You might not know it, but your home could be under attack. Right now. Even while you sleep. And it's not just one attacker -- it's thousands of tiny terrorists. You can't see them, but they're there. In the walls of your house, in your backyard, maybe even in your furniture. They wreak destruction 24 hours a day, seven days a week. They're termites, and they cause up to $5 billion a year in damages in the United States, according to the National Pest Management Association, chomping through wood in houses, decks, boats, trees and more.
About 2,800 species of termites exist on the planet. However, there are just a few types we humans need to worry about.
Subterranean termites, also known as ground termites, live underground in groups or colonies. Their main source of food is wood, and they'll tunnel underground up to 150 feet (45.7 meters) to find it. This source of wood could be your house. Subterranean termites are found throughout the United States, but are scarce in colder climates. They cause 95 percent of all termite damage in North America. A colony of subterranean termites can have up to 1 million members and can eat up to 15 pounds (6.8 kilograms) of wood per week! These termites can destroy home foundations, support beams, plastic pipes, insulation and more.
Drywood termites live above ground, preferring to make their homes inside wood and trees. They don't need moisture in their nests and instead get it from humidity in the air. You'll find more of them in Southern California and the Southeast United States. Drywood termites live inside wood, eating it from within. They like to make homes in attics, doorframes and window frames. Wood that's infested with drywood termites may look fine from the outside but actually be crumbling from within.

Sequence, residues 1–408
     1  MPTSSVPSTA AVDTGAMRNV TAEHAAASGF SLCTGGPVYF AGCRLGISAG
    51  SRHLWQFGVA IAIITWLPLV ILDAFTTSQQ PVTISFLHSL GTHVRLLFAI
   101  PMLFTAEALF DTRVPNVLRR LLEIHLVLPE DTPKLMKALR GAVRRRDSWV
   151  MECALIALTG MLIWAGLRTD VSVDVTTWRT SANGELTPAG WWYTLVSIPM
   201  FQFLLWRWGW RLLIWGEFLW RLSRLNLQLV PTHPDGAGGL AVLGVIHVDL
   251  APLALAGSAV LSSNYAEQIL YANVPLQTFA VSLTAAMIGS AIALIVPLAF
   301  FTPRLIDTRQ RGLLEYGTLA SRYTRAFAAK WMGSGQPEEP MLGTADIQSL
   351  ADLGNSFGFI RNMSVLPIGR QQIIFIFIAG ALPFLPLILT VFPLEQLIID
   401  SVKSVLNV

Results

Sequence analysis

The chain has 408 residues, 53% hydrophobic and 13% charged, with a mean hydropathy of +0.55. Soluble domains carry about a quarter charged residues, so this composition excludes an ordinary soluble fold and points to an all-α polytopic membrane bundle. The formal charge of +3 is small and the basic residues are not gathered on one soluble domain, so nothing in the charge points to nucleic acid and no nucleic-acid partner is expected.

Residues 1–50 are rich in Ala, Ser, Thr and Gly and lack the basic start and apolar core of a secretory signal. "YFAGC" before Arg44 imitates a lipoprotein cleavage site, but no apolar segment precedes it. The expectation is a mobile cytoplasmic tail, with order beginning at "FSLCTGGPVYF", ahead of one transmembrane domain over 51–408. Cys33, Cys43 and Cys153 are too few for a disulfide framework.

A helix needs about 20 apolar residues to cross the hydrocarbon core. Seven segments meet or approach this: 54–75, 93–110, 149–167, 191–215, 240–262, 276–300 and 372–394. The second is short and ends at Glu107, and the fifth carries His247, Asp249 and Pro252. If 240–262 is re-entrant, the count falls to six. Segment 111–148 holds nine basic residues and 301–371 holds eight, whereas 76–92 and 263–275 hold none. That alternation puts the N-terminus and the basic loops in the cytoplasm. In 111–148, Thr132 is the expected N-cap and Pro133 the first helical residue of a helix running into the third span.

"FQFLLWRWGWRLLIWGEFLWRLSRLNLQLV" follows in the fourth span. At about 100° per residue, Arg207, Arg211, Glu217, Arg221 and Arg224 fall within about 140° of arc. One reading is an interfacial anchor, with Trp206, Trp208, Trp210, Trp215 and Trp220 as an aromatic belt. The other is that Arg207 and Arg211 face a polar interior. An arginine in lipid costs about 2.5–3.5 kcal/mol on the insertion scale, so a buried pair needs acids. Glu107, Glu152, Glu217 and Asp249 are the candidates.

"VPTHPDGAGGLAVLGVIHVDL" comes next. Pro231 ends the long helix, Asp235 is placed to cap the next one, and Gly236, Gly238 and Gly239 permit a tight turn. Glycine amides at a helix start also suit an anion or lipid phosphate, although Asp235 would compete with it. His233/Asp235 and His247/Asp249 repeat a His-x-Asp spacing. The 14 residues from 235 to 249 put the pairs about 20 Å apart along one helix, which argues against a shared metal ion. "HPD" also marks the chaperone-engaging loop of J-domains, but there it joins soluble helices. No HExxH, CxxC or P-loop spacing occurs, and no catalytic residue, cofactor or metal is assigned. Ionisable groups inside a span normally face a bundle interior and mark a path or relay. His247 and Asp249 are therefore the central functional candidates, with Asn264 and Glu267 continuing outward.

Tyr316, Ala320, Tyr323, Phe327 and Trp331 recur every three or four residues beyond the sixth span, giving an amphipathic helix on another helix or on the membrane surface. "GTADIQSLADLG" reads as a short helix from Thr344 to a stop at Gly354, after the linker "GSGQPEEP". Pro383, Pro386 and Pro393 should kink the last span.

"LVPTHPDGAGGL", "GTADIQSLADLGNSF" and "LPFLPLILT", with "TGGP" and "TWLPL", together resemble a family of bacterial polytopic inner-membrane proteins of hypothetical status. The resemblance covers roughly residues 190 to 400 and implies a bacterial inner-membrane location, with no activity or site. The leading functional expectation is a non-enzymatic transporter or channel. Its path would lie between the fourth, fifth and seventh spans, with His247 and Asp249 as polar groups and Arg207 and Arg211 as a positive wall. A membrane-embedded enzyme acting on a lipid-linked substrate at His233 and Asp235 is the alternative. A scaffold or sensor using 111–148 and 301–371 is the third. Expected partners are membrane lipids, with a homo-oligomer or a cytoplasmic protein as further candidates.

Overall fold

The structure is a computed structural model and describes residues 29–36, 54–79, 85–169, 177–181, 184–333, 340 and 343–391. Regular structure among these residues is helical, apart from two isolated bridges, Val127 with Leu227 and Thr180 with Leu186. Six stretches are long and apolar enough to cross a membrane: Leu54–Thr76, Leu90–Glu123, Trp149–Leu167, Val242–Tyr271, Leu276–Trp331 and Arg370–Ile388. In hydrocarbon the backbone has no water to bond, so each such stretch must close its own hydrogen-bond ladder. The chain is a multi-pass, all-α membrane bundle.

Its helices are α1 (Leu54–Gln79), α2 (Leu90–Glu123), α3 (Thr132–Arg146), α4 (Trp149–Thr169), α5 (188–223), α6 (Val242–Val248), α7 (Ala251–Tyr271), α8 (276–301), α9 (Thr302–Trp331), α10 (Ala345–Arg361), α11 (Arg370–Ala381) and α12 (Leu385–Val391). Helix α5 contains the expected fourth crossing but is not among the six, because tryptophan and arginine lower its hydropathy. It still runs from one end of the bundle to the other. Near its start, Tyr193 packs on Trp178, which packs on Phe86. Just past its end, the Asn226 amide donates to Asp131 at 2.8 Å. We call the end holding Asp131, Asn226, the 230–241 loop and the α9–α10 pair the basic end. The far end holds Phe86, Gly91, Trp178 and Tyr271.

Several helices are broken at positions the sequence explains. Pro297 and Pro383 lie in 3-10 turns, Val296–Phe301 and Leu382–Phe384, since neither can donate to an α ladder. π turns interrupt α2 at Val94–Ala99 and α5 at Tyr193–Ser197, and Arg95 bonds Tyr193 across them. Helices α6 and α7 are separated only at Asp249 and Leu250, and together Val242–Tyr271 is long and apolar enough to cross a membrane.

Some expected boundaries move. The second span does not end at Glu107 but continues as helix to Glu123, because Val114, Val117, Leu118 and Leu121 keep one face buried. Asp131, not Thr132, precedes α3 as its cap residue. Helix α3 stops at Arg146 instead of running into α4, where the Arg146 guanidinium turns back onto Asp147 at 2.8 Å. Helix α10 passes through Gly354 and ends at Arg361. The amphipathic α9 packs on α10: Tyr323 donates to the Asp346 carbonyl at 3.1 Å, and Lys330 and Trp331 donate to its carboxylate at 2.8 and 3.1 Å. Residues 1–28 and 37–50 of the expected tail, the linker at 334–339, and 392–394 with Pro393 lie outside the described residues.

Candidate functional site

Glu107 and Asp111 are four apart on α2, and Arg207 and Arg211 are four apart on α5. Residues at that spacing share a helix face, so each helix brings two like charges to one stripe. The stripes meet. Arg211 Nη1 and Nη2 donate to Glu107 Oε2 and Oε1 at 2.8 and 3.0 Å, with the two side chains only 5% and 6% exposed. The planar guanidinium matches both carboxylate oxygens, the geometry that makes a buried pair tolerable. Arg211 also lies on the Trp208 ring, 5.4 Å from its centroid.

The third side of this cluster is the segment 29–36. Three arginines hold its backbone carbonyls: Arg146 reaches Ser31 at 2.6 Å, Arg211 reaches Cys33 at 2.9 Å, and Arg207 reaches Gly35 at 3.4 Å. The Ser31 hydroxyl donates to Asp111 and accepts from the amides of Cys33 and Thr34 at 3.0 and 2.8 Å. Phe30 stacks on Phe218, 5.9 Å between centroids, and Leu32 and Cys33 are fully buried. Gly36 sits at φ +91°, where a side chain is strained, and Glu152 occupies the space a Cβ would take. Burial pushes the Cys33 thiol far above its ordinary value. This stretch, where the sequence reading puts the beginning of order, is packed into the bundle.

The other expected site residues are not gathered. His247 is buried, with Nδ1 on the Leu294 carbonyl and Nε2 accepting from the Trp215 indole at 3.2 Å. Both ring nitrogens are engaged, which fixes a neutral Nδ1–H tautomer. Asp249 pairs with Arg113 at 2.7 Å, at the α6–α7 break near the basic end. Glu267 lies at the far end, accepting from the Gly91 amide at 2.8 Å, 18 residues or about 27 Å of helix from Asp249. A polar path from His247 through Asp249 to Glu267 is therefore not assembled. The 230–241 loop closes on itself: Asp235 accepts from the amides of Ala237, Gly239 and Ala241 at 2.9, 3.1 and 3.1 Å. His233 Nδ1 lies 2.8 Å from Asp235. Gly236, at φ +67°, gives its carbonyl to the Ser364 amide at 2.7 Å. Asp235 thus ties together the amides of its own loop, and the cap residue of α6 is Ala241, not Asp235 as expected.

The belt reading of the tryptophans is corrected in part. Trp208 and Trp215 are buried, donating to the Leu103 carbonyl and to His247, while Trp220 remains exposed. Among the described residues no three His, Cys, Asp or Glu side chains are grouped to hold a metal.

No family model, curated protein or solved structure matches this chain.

Dampwood termites like to build their colonies in damp, decaying wood, as their name implies. Considered an economic pest along the Pacific coast, they're also sometimes found in the desert of the American Southwest and in southern Florida (but aren't considered as dangerous in those areas). They're attracted to damp wood, so homes with moisture or plumbing issues can be affected. Dampwood termite damage looks smooth and clean inside.
Formosan termites are considered the most destructive of all termite types. These pests arrived in the United States from mainland China via Taiwan, entering the country through various port cities. Interesting tidbit: Scientists believe these termites spread across the U.S. via infested wooden railroad stakes. Most common to Louisiana, Formosan termites may infest up to 30 percent of trees in the state. They're also plentiful in New Mexico, California, North Carolina, South Carolina and Georgia. These termites will infest wood and other cellulose-based goods and will invade boats and live trees.
If you suspect termites have infested your home or property, call a qualified professional as soon as possible. Termites work unbelievably fast and despite their tiny size can cause large amounts of damage.
- Accuracy Plus. "Details of Types of Termites and Damage They Cause." LosAngelesTermite.com. July 28, 2011. (July 18, 2012) http://www.losangelestermite.com/2011/07/details-of-types-of-termites-and-damage-they-cause/
- National Pest Management Association. "Termite FAQ." (July 31, 2012) http://www.pestworld.org/find-a-pest-control-professional/pest-faqs/termites/
- Orkin. "Termites." Orkin.com. 2012. (July 18, 2012) http://www.orkin.com/termites/
- Pestworld for Kids. "Termites." Pestworldforkids.org. 2012. (July 18, 2012) http://www.pestworldforkids.org/termites.html
- TAPS Termite. "Types of Termites." Tapstermite.com. 2012. (July 18, 2012) http://www.tapstermite.com/types-of-termites.php